- Associated Press - Wednesday, January 22, 2014

MUNCIE, Ind. (AP) - For such a nondescript building, the artistic magic made inside it is amazing.

Built long ago of red brick near the center of the city, this one-time warehouse is now home to PROJECTiONE, and workplace of the two dynamic young men who own, run and staff it, Kyle Perry and Adam Buente.

Both just 27, with their youthful appearance and laid-back demeanor, they would look right at home thumbing Xbox controllers. Instead, they are successfully adding their own captivating, large-scale art and vision to projects that include prominent places like Indianapolis’ new Eskenazi Health hospital and medical center.

So, just what are these two?

“We call ourselves ‘on the fringe,’ because we’re not really artists, we’re not really architects. … We’re designers and makers,” Buente told The Star Press (https://tspne.ws/1dP9yHb ).

How did all this begin?

“It started as a thesis,” answered Perry, an Indianapolis native whose black-framed eyeglasses and unruly hair lent him a bookish air.

Today, they both hold master’s degrees in architecture from Ball State University, where they began that thesis project with two other students who eventually went their own way after graduating.

“The two of us continued on this plan and stuck with it,” said Buente, an Evansville native whose quick smile belies his more button-down look. “We saw a big potential, especially in the Midwest. … We landed one big project, then got this off the ground. It’s been growing ever since.”

Having started PROJECTiONE in Buente’s apartment, they later moved into this building, where their office is set off by sheet-like screens and walled on one side by an intriguing panel of holes and bumps that previously hung in an art exhibition in Calgary. Elsewhere, it houses the laser printer plus the three-axis mill and CNC (computer numerical control) router they have since bought for their business.

“We literally walked in here with two laptops and a case of beer,” Perry recalled with a laugh, while nearby his bicycle and both their motorcycles, including Buente’s hot-looking Honda 500 cafe racer, awaited warmer riding weather.

A nearby wall, meanwhile, held a few small examples of their earlier art, wooden panels with flowing ridges that Perry jokingly called “two-and-a-half D,” a takeoff on 3D. At this point, however, they have moved on to their preferred projects, meaning ones built on an “architectural scale.”

The Eskenazi project really began with one they designed to dress up the unused fireplace of an artistic couple, actual paying clients, down in Broad Ripple. Perry and Buente came up with a plan to sheath the fireplace in a purple cover studded with LED lights activated by motion detectors.

Striking looking, it was such a hit with the couple that when the man was asked to join a panel picking art for the new hospital, he recommended Perry, Buente and PROJECTiONE for work. Given a large amount of wall space to fill near a bank of six elevators, they exchanged ideas, then hit their computers and began to design, something they do exceedingly well.

“We’re writing code to generate all the geometry and all the data for us to fabricate these projects,” Perry said, while Buente added, “We’re making all our own software.”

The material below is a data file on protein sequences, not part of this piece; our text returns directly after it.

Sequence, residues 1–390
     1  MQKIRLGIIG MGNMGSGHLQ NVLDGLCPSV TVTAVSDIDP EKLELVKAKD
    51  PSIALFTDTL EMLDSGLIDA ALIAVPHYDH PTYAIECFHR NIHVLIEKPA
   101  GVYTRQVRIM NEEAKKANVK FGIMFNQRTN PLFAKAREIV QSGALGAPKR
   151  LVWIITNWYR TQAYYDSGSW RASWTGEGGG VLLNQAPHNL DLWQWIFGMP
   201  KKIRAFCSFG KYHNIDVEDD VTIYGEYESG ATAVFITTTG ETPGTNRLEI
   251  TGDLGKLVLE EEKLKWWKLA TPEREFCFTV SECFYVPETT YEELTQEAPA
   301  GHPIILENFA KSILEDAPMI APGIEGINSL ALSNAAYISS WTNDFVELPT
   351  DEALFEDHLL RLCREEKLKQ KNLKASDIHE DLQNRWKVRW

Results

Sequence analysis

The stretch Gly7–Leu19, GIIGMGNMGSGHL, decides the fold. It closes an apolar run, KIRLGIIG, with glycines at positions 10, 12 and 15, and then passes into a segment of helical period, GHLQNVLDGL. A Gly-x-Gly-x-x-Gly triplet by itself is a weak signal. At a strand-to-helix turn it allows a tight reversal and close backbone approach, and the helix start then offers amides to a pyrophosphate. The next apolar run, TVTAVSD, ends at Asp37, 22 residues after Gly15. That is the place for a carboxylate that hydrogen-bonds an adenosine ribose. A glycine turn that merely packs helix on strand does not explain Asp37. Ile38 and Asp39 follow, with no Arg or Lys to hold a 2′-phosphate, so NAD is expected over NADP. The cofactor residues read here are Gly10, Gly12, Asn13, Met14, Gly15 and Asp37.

But designing art on a computer is one thing. Turning it into reality is something else. The two business partners insist upon fabricating and installing their pieces themselves.

“We do all our metal fabricating, welding …” Buente explained.

Exchanging ideas, they came up with a concept to fill the six walls near those elevators with intriguing white panels and lights that follow observers as they move past, courtesy of computers installed in each wall and a fish-eye lens that tracks those nearby.

“It takes an image of the space every five seconds,” Buente said, equating it to a human nervous system. “Every part is unique, every wall is unique. We’re calling it a pleasant distraction to people who are visiting this hospital.”

In building it, the two became quite taken with the project.

“It was kind of sad to see it go,” Perry said, noting that strikingly high-tech as their work might appear, a favorite supplier of their material is Radio Shack.

Another big project they have done is a total of 48x16 feet of wall space covered with an abstract sunrise at Riley Hospital for Children.

“It’s pretty substantial,” Buente said of its thousands of parts.

The project they are working on now is “cladding” with diamond-patterned wood pieces a 30-foot-tall dome at Evansville’s Museum of Arts, Science and History.

“That’s another thing we haven’t done before,” Perry wryly observed, noting they are learning as they go, and that they had previously skirted a stairwell at the same museum with clear, laser-cut paneling.

Producing and attaching these new panels, he added, is going to take some intense effort and time, but they are happy to do it, wishing to keep control of as many facets of their art and growing business as possible. Their dedication to it and passion for it was obvious as they proudly showed visitors from The Star Press around, especially at a wooden surface where they had been perfecting cuts for hanging future projects.

“This is an undercut dovetail bit,” Buente said proudly, holding the tool aloft like a favorite puppy. “Pretty sweet.”


Information from: The Star Press, https://www.thestarpress.com



Click to Read More

Click to Hide